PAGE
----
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|Namboodiri||name of the brahmin caste in Kerala|
|Brahmin||the caste of the priest; the highest caste in the Hindu society|
|Malayalam||language of Kerala|
|pooram||the meeting point of all the arts|
|nettipattam||frontlet of the elephant = a large piece of cloth with thousands of gold plates stitched together sp closely making it appeal as if they are part of the elephant’s forehead|
|thidambu||replica of the idol|
|venchamaram||yak tail fans|
|alavattom||peacock feathered circular fans|
|parasol||long stemmed shimmering and glittering ceremonial umbrellas ceremonial umbrellas made out of silk and satin laced with white metal|
|kudamattam||exchange at incredible speed of parasols, thread by Brahmin priests in ‘dhoties’, flanked by two others standing with the venchamaram and alavattomaloft the backs of the tuskers|
(the 'kudamattam' along with the 'koodikazcha' are also known as the divine bazaar
|pandi melam||an orchestra of four instruments – the Chenda, the Kuzhal, the Kombu and the Ilathalam, played mainly in the major temple festivals of Kerala like the Thrissur Pooram.|
|chenda melam||percussion event, featuring the Chenda|
|panchavadyam||a percussion ensemble , typical of Kerala, consisting of ‘pancha’ (five) (pancha) ‘vadyam’ (instruments): ‘maddalam’, ‘edakka’, ‘thimila’, ‘ilathalam’ and ‘kombu’.|
|chenda||a double-headed drum made of soft wood with
both ends covered with cowhide. The musical notes of this instrument are
adjusted by strings and small bamboo rings. The Chenda is played either
with one hand and a stick or with two sticks beating the upper end while
being kept in a vertical position by a strap over the player's left shoulder.
Deft use of the palms can produce four different tones.
It is the chief accompaniment in Kathakali (the classical dance-drama of Kerala) and the most important percussion instrument played during temple festivals.
|edakka||an extremely sensitive percussion instrument. Made of wood and about a quarter meter long, the drumheads are held in position by interlacing cotton threads. The player beats the drum with one hand while simultaneously manipulating the strings with the other, thus creating a variety of musical notes.|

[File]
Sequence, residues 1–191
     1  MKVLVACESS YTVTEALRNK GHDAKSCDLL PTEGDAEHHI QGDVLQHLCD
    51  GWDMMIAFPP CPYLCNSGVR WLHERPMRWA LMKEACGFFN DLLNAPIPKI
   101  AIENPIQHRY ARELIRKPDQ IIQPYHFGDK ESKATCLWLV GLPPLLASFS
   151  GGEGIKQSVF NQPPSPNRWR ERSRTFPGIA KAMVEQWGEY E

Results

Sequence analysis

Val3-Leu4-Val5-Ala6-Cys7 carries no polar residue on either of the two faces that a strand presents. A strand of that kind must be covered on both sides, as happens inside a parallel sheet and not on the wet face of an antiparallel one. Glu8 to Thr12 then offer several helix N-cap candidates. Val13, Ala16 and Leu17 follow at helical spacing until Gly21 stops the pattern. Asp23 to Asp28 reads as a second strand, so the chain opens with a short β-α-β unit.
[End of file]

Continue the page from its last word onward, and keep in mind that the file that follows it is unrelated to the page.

|ilathalam||a native version of the cymbals|
|kombu||a horn (kombu). It is a C-shaped wind instrument made of brass or copper. Its shrill blare helps in subduing the pitch of the other instruments|
|maddalam||known since the 13th century - is considered to be a ‘deva’ (divine) ‘vadya’ (instrument), included as a major accompaniment in the 'Dance of Lord Siva, the Destroyer'. There are two varieties: Suddha maddalam and Toppi maddalam. The former is tied around the waist of the player with a cloth, while the latter is a smaller version suspended from the neck of the player. Barrel shaped and carved from jack wood, both ends of the maddalam are covered with stretched hide and fastened by leather straps. It is also an important instrument in art forms like the Kathakali, Krishnanattom and Tullal|
|thimila||an hour-glass shaped drum made from polished jackwood. The drumheads made of calf hide are held together by leather braces which are also twined round the waist of the drum. This mechanism helps in adjusting the tension and controlling the sound. It is a must during temple rituals like Seeveli, a ceremonial procession of deities.|
|sastha||divine combination of Shiva and Vishnu|
|thattakam||people of the localities where the temples are located|